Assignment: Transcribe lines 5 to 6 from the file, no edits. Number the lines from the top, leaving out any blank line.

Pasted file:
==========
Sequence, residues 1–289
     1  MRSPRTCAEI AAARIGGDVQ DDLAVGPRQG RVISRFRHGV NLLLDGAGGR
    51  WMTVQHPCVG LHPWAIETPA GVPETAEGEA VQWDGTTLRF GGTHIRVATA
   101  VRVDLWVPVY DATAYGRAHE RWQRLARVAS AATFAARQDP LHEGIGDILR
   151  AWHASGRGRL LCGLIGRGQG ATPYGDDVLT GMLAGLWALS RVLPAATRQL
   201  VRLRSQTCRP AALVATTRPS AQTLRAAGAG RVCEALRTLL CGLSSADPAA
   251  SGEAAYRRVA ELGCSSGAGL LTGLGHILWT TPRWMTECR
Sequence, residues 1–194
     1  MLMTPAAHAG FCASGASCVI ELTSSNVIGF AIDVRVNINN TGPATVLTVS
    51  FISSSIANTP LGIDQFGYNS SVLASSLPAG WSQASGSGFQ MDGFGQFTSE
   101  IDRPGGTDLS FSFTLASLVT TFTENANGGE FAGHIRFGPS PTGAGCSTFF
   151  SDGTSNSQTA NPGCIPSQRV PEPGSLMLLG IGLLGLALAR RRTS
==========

   151  AWHASGRGRL LCGLIGRGQG ATPYGDDVLT GMLAGLWALS RVLPAATRQL
   201  VRLRSQTCRP AALVATTRPS AQTLRAAGAG RVCEALRTLL CGLSSADPAA